The date was August 18, 1920 — 100 years ago. It was the day the 70-year battle for suffrage ended in Nashville, Tenn. Finally, after seven decades of fierce political lobbying, women in the United States had the right to vote. This is the story behind how a mother’s advice to her son helped make it happen.
Harry T. Burn was a youngster amongst old men when he was elected to the Tennessee State Legislature in 1918. The 22-year-old Republican from McMinn County was the youngest member of the legislature. Most of his colleagues were older than 60. Following a summer of intense lobbying in Nashville, which became the epicenter of the suffrage movement in 1920, Burn walked into the state house on August 18 wearing a red rose on his lapel. The red boutonniere signified his opposition to suffrage; supporters wore yellow roses, while opponents wore red roses. But what followed stunned the room, and changed the nation.
Suffrage became a viable political movement during World War I. The issue had been on the front burner for years, but couldn’t gain enough traction to pass Congress. Finally, in 1917, things began to come to a head when protests in front of the White House turned violent, leading to the arrests of several women. The prisoners went on a hunger strike while they were incarcerated and Wilson, appalled at learning that they were being force-fed in jail, endorsed suffrage for the first time. In doing so, he joined forces with his daughter, Jessie Woodrow Wilson Sayre, who was a leading proponent of suffrage.
“We have made partners of the women in this war… Shall we admit them only to a partnership of suffering and sacrifice and toil and not to a partnership of privilege and right?” Wilson asked lawmakers in Washington during one speech, referring to the role women had played in World War I. On June 4, 1919, Congress finally passed the 19th amendment.
But as the summer of 2020 rolled around, one year later, only 35 states had voted to ratify the constitutional amendment. Thirty-six states were needed. Eight states, mostly in the South, had rejected the amendment. Among them were Delaware, Virginia, Maryland, South Carolina, Georgia, Alabama, Louisiana and Mississippi.
Four more states — Connecticut, Vermont, North Carolina and Florida — had declined to take up a vote to ratify the 19th amendment. That left Tennessee as the only state that could ratify the amendment and make it the law of the land in 1920.
The Tennessee State Senate voted by a wide margin to adopt the amendment and grant women the right to vote. But the issue was much more contentious in the House of Representatives, which set off the fierce debate — the War of the Roses — in the Summer of 1920.
On the morning of August 18, the vote was finally set to be taken. Young Harry Burn, by that time 24 years old and a two-year veteran of the legislature, walked into the state house with his red boutonniere pinned to his lapel. He had once been seen as a vote that could be swayed by suffrage supporters, but it appeared that he had fallen into the anti-suffrage camp.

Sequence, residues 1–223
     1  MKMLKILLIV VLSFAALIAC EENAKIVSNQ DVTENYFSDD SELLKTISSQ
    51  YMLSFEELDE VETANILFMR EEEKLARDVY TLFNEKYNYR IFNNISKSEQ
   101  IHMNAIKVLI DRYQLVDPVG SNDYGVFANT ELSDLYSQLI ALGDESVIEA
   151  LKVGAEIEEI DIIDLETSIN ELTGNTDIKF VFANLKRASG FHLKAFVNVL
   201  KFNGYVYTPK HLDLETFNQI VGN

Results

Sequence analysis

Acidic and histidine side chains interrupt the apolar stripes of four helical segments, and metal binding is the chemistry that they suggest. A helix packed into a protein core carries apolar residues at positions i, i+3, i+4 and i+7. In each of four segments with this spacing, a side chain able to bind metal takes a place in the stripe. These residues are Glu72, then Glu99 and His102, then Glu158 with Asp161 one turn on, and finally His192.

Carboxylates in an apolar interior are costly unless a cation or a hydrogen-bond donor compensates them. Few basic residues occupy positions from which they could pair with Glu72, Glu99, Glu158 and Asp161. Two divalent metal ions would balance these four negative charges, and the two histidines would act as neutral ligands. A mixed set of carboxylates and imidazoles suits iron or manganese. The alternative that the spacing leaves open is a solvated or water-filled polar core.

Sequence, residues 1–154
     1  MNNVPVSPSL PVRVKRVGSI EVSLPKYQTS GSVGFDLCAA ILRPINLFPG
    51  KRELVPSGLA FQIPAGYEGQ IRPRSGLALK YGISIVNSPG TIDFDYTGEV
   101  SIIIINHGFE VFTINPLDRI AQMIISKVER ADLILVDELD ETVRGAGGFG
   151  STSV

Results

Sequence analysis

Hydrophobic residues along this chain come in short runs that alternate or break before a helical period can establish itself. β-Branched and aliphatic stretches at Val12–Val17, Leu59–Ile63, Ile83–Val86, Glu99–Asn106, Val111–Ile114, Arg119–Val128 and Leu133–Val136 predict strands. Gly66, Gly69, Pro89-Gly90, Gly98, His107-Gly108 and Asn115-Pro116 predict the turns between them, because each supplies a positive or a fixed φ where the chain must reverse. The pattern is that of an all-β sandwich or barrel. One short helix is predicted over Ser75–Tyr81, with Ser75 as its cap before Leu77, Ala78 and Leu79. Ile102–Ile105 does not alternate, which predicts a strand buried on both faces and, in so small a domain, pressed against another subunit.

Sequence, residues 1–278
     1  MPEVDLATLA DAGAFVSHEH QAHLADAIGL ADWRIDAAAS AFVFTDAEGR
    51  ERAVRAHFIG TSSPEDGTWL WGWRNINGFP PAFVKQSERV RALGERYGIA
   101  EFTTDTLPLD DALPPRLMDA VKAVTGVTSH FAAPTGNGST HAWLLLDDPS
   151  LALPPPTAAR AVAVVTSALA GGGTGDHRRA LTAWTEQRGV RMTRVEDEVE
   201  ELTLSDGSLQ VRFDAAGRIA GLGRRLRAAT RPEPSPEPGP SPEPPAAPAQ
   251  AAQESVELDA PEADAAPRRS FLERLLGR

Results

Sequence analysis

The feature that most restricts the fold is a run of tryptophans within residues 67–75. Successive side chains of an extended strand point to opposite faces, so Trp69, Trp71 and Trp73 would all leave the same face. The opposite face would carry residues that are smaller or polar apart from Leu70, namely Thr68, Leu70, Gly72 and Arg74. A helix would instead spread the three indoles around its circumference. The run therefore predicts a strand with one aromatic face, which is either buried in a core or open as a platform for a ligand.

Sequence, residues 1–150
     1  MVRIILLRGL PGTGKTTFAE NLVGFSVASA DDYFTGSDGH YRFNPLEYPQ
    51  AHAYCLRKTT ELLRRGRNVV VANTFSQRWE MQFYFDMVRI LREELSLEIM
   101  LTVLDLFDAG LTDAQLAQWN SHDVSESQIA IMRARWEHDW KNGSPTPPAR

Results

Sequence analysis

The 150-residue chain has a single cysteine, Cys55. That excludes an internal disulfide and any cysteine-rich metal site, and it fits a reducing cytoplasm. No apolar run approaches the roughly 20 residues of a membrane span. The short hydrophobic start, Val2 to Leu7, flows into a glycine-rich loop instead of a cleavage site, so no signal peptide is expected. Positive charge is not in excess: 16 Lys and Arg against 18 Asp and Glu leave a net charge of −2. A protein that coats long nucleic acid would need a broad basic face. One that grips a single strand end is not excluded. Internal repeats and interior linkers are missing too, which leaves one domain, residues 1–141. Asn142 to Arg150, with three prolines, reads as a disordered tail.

The first vote of the day on the suffrage issue was a vote to table the amendment — meaning it wouldn’t be passed. Burn stood true to the red rose he was wearing, and voted in favor of tabling the matter. The vote was deadlocked, 48-48, meaning it would move on for an up or down vote for ratification.
Had the vote remained the same, the issue would’ve failed. The 19th amendment would be delayed for at least another year, and women still would not have the right to vote.
But then something happened: Burn changed his vote.
If his colleagues had been paying closer attention, they might have noticed that while Burn was wearing a red rose on his lapel, he was clutching something in his hand. It was a note from his mother, Phoebe King Ensminger Burn, a 46-year-old widow from Niota, Tenn. known to her friends as Miss Febb.
In the letter, Miss Febb urged her son — one of her four children — to vote in favor of ratifying the 19th amendment. “Hurrah, and vote for suffrage!” she wrote. “Don’t keep them in doubt. I notice some of the speeches against. They were bitter. I have been watching to see how you stood, but have not noticed anything yet.”
Miss Febb invoked the writing of suffrage leader Carrie Chapman Catt, telling her son to “be a good boy and help Mrs. Catt put the ‘rat’ in ratification.”
When his name was called, Harry Burn heeded his mother’s advice, and voted “aye.” The motion carried, and Tennessee had become the “perfect 36” — the 36th state to ratify the 19th amendment. For the first time, and forever more, women had the right to vote alongside men in America.
A wild scene ensued. Burn escaped to the attic of the capitol building; some say he was merely trying to avoid the ruckus; others say he escaped through a third story window onto a narrow ledge because anti-suffrage lawmakers were intent on roughing him up.
Within a day’s time, efforts were underway to reopen the vote and have it nullified. Opponents of suffrage alleged bribery, saying that Burn had been offered $10,000 to change his vote. Burn and others, including an aide to the governor, denied the claims.
When asked about his vote, Burn said simply this: “I knew that a mother’s advice is always safest for a boy to follow and my mother wanted me to vote for ratification. I appreciated the fact that an opportunity such as seldom comes to a mortal man to free 17 million women from political slavery was mine.”
And because a 24-year-old lawmaker from tiny Niota, Tenn. decided to take his mother’s advice, women earned the right to vote, and Tennessee played a pivotal role in the suffrage movement.